Photo Credit: Professional Cricketers’ Association
Learn Before Wicket programme leaders engage with educational session.
The PCA Inclusion Champions gathered at Edgbaston to reflect, listen and learn new skills after delivering sessions to every professional squad in England and Wales.
The Inclusion Champions received an upskilling educational day organised by PCA Director of EDI Donna Fraser OBE and delivered by presenting expert Rob Geraghty and Khembe Clarke from AKD Solutions, who deliver stimulating, challenging and fun learning experiences through an EDI lens. It provided an opportunity to share experiences about how sessions have been delivered so far, to learn off each other and develop.
The aim of the day was to build on their existing expertise and knowledge of a number of EDI topics as well as enhancing their presenting and conversational skills.
The ‘Learn Before Wicket’ (LBW) equality, diversity and inclusion educational programme, led by Fraser, has been designed to empower members with the necessary skills and knowledge to embrace diversity, exercise inclusivity and to promote equity and equality within their cricket environment.
The LBW programme was launched in January this year and so far, 34 sessions have been delivered with more scheduled for the latter part of 2023 and early 2024. The workshops have arisen to promote continual learnings and to build on the progression driven by the PCA EDI Working Group that was established in July 2020.
The following February, an anti-racism programme was launched with EW Group, beginning the process of eliminating racial discrimination from the professional game. This was followed by delivery of Inclusive Language sessions to county academies by the PCA, beginning in November 2021.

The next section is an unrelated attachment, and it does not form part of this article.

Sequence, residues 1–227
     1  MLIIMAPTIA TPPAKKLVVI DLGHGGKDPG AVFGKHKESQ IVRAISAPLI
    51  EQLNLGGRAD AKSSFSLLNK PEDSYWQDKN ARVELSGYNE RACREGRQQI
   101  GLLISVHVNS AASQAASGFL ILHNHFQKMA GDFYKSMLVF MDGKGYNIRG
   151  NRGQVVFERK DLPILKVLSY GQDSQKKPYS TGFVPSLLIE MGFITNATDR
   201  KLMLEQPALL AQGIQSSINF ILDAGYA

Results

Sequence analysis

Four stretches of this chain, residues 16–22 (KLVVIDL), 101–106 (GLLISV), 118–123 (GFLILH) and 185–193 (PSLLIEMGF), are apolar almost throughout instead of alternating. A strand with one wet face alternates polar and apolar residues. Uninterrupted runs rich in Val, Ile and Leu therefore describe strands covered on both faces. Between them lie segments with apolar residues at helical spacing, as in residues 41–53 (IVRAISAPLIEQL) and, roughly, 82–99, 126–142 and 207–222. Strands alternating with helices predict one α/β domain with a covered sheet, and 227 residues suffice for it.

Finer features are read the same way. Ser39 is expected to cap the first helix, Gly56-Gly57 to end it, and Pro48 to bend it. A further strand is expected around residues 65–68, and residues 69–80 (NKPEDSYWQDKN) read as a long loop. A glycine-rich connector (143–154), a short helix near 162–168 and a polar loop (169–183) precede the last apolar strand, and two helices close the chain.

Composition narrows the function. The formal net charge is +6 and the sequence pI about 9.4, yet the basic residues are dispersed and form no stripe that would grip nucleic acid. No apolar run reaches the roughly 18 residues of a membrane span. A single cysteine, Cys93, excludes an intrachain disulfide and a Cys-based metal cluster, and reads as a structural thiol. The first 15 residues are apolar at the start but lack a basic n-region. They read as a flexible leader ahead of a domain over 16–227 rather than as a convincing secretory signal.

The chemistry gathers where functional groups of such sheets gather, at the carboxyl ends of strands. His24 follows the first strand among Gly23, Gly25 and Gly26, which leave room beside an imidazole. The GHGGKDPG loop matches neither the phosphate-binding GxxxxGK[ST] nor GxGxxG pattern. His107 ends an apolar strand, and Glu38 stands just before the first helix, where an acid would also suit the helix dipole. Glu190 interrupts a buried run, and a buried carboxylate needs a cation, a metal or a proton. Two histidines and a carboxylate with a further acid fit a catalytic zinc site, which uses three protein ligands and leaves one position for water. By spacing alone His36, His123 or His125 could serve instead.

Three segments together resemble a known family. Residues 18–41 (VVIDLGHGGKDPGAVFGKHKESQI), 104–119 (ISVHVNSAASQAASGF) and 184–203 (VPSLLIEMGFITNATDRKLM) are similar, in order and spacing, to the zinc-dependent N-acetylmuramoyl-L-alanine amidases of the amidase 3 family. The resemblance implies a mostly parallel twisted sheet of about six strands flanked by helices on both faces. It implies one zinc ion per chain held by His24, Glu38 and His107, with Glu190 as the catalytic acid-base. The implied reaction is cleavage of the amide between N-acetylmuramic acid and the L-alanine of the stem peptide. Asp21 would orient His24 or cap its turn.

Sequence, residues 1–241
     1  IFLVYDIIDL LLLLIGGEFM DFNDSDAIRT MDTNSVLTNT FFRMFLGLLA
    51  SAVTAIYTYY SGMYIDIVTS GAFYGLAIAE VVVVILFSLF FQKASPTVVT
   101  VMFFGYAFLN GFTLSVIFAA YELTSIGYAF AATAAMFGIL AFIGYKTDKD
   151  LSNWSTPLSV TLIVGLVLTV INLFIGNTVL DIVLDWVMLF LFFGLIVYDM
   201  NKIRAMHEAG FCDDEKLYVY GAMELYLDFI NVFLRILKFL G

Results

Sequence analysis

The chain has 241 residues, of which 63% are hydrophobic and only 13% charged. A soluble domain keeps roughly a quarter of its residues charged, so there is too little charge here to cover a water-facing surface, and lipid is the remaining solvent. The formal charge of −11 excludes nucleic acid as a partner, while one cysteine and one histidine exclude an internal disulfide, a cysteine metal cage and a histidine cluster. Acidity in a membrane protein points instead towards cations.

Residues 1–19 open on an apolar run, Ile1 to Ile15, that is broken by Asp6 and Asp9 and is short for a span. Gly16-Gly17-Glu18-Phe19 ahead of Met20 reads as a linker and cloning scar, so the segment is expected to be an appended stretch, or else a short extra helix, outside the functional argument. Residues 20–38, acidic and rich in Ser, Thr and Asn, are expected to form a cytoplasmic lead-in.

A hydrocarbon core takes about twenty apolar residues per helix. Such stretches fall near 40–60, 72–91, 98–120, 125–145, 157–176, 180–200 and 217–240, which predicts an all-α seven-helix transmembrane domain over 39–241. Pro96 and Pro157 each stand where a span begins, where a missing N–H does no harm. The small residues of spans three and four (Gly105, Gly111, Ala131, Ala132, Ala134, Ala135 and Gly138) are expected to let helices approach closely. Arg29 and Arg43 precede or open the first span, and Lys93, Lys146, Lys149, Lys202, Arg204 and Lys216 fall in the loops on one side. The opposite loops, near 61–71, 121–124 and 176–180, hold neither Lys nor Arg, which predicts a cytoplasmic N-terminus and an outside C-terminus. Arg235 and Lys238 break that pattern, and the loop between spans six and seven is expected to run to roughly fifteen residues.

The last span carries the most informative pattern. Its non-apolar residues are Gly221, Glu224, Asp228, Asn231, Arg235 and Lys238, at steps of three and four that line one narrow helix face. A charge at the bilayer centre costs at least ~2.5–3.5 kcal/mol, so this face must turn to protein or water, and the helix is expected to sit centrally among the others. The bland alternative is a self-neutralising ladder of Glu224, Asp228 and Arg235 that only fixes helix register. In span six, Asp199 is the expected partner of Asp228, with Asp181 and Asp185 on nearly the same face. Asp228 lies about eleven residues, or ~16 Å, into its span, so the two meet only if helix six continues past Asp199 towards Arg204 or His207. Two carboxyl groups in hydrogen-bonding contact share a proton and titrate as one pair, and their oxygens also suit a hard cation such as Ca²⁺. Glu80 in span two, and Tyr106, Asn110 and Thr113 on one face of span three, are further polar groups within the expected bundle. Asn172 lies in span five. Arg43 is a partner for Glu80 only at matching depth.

With a member-first outlook, the players in the professional squads decide what topic included within the programme they would like to receive a workshop on. The topics include: Inclusive Language, Unconscious Bias, Intersectionality, Allyship, Faith & Religion, Disability Inclusion, LGBTQ+ Inclusion and Anti-Discrimination.
Players and staff have engaged enthusiastically with the sessions showing a willingness to learn, with a genuine curiosity and desire to be more understanding and aware of behaviours.
The LBW programme arose based on feedback from previous player surveys, Personal Development Manager conversations with players and the expertise of Fraser. From the player survey conducted with players from the 2022 season, 64% believed that their cricket environment was more inclusive than 12 months previous.
The Inclusion Champions are to create their own workshop based around the Equally Yours EDI board game. The aim of this initiative is to enable fun and meaningful conversations around the subject whilst bringing out the natural competitive edge of members.
PCA EDI Director, Donna Fraser, said: “The Inclusion Champions have only been in position for under a year and yet the impact they have already had on the professional game has been quite incredible to see at times. Having a day to get together as a team to listen, learn and develop their skillset is very important as we look to evolve the programme for the needs of PCA members.
“This is not just about being an Inclusion Champion, it’s about their personal development and how they can be better as individuals and potentially become facilitators in the future, this is a journey for them and of course it will have a great impact on the LBW series.
“It’s been hugely valuable having current and former players deliver the LBW sessions because they can relate to the conversations in the changing rooms.
“EDI is ongoing and it’s a journey so we will keep learning as we go on and we’re constantly learning and developing.”
PCA Inclusion Champion, Alex Tudor, said: “Being an Inclusion Champion, I want to be able to help and I like to think people see me as someone that is approachable. Through understanding and education we need to continually evolve and also put yourself in others shoes.
“I ran an LBW session with the Northamptonshire Academy and it was a great experience that I really enjoyed delivering with Arul Suppiah.
“When we start the sessions we tell a story about a lived experience that happened to us in a changing room and now many people can’t believe that those sorts of things were happening, so we’re moving in the right direction.
“I’m 45-years-old, I’ve learnt a lot and I’m still learning and we’re just trying to change the way people feel in the changing rooms to make them a safe space, we don’t want anyone to feel isolated so they can go out there and perform to the best of their ability.”